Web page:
ImageThe TripAdvisor website is a popular site that allows users to read, raise questions, and provide comments on travel experiences. It was an early adopter of user-generated content and produces ratings on travel destinations and providers based on user content. They are successfully ‘managing the human cloud‘ and utilising a ‘virtual workforce’ – but how are they doing it and why is it successful? 

Companies have increasing opportunities to tap into a virtual, on-demand workforce.

To give some framework, I’m using the pattern  “Harnessing Collective Intelligence” from ‘What is Web 2.0: Design Patterns and Business Models for the Next Generation of Software’. This concept of ‘harnessing the crowd’ means that others outside your organisation provide information to your business that can become a ‘powerful asset’. So, in the spirit of user reviews, this post explores “how does it rate?“.

1. Reward the user first: TripAdvisor allows user to achieve their objectives by either accessing other people’s reviews and comments or  posting their own questions or comments. Their users seem happy, based on their recent milestone of 100 million reviews and opinions. (My rating: 5/5)

2. Set network effects by default: Network effects are critical for TripAdvisor who need a good supply of content and reviews to attract and retain their users. The network effects start to show when TripAdvisor ratings are quoted on other travel booking sites. (My rating: 4/5)

3. Involve users, explicitly and implicitly:  TripAdvisor clearly has explicit user participation covered through their user-created content, and guessing by their advertising they would not be losing the implicit user information around user actions and preferences.  The site has attracted a strong user base and there are good indicators of this increasing. (My rating: 4/5)

4. Provide a meaningful context for creation: The TripAdvisor context of travel is an easy attractor, but I think the loose structure  means posts can end up in the wrong location and “findability” is currently not great. Some users, may be happy to ‘wander a while’ as they plan their trip, but it seems TripAdvisor has identified some improvements with new search functionality  in the pipeline.   (My rating: 3/5)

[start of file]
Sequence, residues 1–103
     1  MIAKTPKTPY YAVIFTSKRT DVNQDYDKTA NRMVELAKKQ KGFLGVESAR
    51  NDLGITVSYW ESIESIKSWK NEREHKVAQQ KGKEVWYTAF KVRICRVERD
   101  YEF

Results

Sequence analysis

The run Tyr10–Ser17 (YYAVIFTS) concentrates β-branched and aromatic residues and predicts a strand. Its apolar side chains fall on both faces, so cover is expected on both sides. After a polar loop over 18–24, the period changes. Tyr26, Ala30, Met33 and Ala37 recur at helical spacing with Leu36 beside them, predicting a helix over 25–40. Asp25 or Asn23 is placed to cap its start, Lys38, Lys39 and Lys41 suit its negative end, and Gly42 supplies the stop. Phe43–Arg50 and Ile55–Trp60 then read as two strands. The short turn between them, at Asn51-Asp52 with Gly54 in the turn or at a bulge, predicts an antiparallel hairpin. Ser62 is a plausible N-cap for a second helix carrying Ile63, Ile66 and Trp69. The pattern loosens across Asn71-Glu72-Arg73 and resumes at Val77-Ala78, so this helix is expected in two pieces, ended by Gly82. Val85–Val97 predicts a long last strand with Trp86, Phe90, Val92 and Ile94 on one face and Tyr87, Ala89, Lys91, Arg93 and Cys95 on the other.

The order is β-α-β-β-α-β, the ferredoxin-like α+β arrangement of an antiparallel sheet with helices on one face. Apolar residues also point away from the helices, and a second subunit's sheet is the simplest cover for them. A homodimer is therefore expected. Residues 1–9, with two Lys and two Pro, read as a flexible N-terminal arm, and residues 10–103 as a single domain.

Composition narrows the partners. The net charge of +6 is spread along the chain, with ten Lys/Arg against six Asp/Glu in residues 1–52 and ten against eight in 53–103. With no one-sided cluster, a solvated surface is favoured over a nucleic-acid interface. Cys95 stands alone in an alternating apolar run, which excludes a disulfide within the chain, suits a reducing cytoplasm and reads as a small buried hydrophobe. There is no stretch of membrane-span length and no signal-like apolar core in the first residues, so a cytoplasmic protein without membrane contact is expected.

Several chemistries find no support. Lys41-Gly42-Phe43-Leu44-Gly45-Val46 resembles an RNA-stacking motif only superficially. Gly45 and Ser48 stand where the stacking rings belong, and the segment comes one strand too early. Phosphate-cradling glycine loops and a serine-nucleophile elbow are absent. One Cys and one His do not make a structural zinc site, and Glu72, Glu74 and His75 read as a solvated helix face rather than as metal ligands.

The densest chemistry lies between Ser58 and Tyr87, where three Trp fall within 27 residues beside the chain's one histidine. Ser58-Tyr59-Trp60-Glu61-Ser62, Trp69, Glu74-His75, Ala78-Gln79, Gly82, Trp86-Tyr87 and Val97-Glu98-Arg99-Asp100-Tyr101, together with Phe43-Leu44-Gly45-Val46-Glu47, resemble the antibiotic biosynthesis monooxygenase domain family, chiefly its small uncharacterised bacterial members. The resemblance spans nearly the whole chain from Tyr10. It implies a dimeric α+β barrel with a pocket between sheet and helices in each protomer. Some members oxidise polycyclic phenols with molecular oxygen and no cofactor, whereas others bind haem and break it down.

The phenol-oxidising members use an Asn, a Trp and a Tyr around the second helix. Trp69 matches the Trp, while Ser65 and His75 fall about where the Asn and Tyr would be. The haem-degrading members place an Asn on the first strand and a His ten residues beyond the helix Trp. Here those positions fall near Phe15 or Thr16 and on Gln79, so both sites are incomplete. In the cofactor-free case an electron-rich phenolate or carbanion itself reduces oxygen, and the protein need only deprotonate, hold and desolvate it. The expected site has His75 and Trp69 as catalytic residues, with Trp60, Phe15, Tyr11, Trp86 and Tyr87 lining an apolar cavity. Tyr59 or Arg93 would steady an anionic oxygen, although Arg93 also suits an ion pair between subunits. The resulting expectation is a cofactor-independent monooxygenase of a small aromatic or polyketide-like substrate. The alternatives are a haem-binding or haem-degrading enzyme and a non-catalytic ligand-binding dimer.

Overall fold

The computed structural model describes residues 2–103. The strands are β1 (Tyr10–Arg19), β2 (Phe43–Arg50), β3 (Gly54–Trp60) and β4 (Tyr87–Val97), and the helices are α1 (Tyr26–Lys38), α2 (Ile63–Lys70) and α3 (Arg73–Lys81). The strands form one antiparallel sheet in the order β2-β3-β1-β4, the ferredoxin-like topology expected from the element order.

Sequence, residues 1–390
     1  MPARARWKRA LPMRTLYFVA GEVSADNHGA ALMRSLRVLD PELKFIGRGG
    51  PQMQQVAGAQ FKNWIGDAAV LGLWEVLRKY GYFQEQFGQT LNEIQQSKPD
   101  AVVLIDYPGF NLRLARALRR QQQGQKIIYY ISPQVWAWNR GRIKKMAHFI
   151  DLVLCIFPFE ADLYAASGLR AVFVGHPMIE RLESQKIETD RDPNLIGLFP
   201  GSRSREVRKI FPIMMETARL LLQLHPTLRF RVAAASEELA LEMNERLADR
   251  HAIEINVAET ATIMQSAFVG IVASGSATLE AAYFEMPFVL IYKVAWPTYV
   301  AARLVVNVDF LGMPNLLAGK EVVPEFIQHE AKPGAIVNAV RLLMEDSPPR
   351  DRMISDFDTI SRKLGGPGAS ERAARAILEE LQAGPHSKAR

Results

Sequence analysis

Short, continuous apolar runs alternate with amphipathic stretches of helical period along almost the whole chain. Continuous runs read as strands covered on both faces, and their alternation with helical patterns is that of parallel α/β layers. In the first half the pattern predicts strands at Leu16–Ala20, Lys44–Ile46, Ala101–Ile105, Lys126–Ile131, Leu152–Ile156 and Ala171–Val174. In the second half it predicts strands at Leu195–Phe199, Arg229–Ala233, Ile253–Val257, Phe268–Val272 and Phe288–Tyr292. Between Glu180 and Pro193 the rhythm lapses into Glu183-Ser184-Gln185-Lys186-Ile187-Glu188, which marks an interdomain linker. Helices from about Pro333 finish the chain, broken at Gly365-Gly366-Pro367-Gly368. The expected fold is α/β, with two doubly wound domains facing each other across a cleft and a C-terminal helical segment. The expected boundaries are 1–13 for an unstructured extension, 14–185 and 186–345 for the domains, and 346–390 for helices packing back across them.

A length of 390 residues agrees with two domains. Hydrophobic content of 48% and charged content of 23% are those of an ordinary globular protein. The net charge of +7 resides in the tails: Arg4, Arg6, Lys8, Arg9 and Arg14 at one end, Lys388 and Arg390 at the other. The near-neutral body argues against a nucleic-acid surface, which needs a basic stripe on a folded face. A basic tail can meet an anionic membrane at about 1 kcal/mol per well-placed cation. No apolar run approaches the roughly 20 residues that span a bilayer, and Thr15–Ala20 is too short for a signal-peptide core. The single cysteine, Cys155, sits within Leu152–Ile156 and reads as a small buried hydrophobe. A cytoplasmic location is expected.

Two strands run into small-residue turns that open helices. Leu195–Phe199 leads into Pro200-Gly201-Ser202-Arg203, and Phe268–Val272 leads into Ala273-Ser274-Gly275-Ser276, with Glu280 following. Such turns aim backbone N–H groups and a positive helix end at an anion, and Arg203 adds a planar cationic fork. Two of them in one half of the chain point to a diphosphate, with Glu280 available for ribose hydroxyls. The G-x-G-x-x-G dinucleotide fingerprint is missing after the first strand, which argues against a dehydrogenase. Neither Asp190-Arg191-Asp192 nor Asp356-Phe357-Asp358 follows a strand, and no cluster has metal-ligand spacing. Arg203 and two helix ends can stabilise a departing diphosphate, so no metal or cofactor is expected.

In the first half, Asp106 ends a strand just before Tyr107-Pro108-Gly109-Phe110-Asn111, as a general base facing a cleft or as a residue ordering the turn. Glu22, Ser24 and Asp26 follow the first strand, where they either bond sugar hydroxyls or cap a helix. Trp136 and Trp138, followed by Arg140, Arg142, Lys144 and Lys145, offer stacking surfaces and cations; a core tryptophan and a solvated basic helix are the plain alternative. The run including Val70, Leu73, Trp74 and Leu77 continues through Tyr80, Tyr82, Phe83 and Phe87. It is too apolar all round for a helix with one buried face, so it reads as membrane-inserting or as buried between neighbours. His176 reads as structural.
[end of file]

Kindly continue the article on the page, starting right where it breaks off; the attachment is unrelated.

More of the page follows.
5. Trust your users:  A true Web 2.0 application must trust the users to provide content and to share control. TripAdvisor allows users to  provide comments, start new threads, and provide advice to other users on where their thread should go. The users also seem to trust each other since the majority of users won’t book a hotel that has no reviews.  (My rating: 5/5)

6. Software design that improves with more users : The goal here is to ensure more users produces more value and benefits not more mess and chaos. Their large user base also gives TripAdvisor credibility in the competitive landscape and means their ratings are actually quoted on other travel sites. (My rating: 5/5)

7. Application that facilitates emergence : This is all about giving the application enough flexibility to change to suit the emerging needs of the users. It means not presuming all features up-front, but instead adding extras in as required. TripAdvisor has some new innovations with stats and infographics for businesses,  advice for hoteliers to increase user engagement and  support for providers under attack. (My rating: 4/5)

So, according to O’Reilly’s pattern of “Harnessing Collective Intelligence”, TripAdvisor should be on your “must see” list of social media sites. But is this the whole story?

There are some issues around the “Harnessing Collective Intelligence” and TripAdvisor has experienced a few of them.

Privacy and liability for individuals: The anonymous posting allowed under TripAdvisor leaves few risks to the posting individuals. However, there is still a chance that individuals associated with the provider could be at risk based on negative reviews or comments.

Privacy and liability for providers: This seems to be causing the most challenges for TripAdvisor. Their policy of accepting all anonymous posts has led to legal battles in Australia and the UK from providers who believe they are the target of untrue, malicious, or adverse commercial attacks. 

Quality, not just quantity, matters: At the end of the day, the site content needs to be credible and reliable. Some comments suggest that if TripAdvisor develops strategies for verifying posts and checking the credentials of posters, then the quality of this site will strengthen.

So, how does TripAdvisor rate as a social media site? According to the Web 2.0 pattern of “Harnessing Collective Intelligence” it gets top-marks.

Their founder journey is a great story about ‘Harnessing Collective Intelligence’ and also explains how they had to fight to retain the value they had built up against big players like Google.

Disclaimer: Bronwyn is not associated with TripAdvisor but she does have a love of travel and is a frequent visitor to their site.

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Related Posts:

How TripAdvisor is using ‘Innovation in Assembly’ – blog by Matt J Low

How TripAdvisor is ‘Harnessing Collective Intelligence’ – blog by Monique Alvis

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Related Articles:

Using the crowd as an innovation partner – HBR.org

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Updated 12/4/2013 – added Related Article on ‘using the crowd’